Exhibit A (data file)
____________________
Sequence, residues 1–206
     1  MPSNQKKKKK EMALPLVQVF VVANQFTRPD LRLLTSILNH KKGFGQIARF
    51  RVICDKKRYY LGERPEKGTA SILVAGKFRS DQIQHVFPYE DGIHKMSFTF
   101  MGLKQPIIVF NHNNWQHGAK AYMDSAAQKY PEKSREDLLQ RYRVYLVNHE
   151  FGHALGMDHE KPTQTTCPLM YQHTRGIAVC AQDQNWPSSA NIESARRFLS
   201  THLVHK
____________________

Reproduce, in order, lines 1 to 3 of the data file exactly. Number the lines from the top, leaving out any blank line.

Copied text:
Sequence, residues 1–206
     1  MPSNQKKKKK EMALPLVQVF VVANQFTRPD LRLLTSILNH KKGFGQIARF
    51  RVICDKKRYY LGERPEKGTA SILVAGKFRS DQIQHVFPYE DGIHKMSFTF